Another report out this week suggests that the collapse of fisheries and imminent global hunger is due to ocean acidification. The study focuses on climate models to explain the impending collapse. The report demonstrates no ecological thinking as it ignores other causes of fishery collapse. While the proposed solutions obliquely refer to growth as the root cause by mentioning solutions such as destructive fishing practices and limiting fossil fuel subsidies, the authors define the problem as climate. It is a little more complicated than that, as you can see from the simplified diagram below.
If economic growth is a religion in our society, then agendas to halt growth are blasphemous. Climate change allows us to continue business as usual by playing games to divert carbon into different pathways while still allowing business as usual and the continued growth of corporations and profits. Climate change shifts responsibility for problems of growth from man to Mother Nature. Carlin points out that euphemisms allow us to believe that if we change the name of the condition, we change the condition. Thus, climate change (or the earlier global warming, whatever) changes the condition of exponential growth to a distant, far off problem of small villages far away being flooded, or of temperature changes that our children may have to worry about in the distant future.
A simple analogy of the US economy is a car. Our family used to own a 1959 Volkswagen, which had no gas gauge. So we were often unsure of our energy security. We fed the car gasoline, which emitted waste and heat from the tailpipe and engine. Sometimes we would run out of gas, which meant we had to get out and walk. If we are concerned about the future of our car/society, which is more worrisome–running out of gas or belching too much smoke from the tailpipe? If we are about to run out of gas, who cares about what comes out of the tailpipe? And if we’ve got no money to pay for the gas when we do arrive at the gas station, then our concern about what comes out of the tailpipe fades even more, especially if there is no money for food, either. That emission will stop when we run out of gas. And we’ll be too occupied then about finding more gas or walking to our destination to also worry about higher order ecological concerns. Immediate physiological needs and personal economic concerns trump broader concerns, especially when one sputters from the fossil fuel age back into the pre-industrial era, even temporarily, without a sense of control over one’s environment.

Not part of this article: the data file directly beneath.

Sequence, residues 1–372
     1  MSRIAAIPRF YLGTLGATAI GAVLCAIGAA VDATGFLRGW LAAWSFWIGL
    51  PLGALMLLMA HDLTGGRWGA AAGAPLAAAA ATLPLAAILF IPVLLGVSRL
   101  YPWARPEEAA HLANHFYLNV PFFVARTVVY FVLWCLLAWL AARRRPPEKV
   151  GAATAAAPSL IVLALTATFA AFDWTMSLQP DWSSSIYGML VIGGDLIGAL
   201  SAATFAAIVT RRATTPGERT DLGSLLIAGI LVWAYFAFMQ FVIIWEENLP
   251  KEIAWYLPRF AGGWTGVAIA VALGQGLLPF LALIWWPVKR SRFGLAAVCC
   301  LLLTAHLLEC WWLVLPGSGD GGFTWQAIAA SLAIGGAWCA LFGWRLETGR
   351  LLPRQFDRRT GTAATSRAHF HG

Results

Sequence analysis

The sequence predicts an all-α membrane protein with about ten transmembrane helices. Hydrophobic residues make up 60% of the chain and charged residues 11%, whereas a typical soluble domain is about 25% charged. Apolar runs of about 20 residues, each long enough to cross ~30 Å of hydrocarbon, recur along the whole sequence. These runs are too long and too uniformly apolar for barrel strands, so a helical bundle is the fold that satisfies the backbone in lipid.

The word Reduce is the first word in the slogan Reduce, Reuse, Recycle for a reason, because the most effective way to reduce waste is not to create it in the first place. Dealing with waste stream problems is a last resort in a dysfunctional system. The more appropriate mechanism for effective systemic change is to impact the front end of the system, which is the energy inputs. As Reagan suggested in this quote:
The only way to deal with a government that's too big is to stop feeding its growth.
we can reduce growth in any system by cutting off its feed source. Too bad Reagan directed his suggestion towards government alone, rather than at the entire economy. Feeding corporations while starving other parts of the system results in imbalances that eventually become unsustainable when we run out of gas.
Because we fail to name the problem properly, we often reach for solutions that are counter-productive to both climate and growth. If we really want to limit energy consumption and thus economic growth, we will ride a bike instead of driving a car. That action will appropriately also slow CO2 production, which is an output resulting of the problem of growth. But if we view the root problem as climate instead, with no understanding of the energy limits or other ecological problems that growth creates, then we may opt to buy a $40K hybrid or electric car instead in an attempt to make a positive change. But that electric car demands many additional withdrawals from the environment for fuel production and transport, auto manufacture, and infrastructure development and maintenance–more than a traditional car. What comes out of the tailpipe of the car is only a small piece of the overall impact of owning a vehicle, especially when one considers the many transformations of energy required in manufacturing an electric car.
What do you think? Leave a comment below.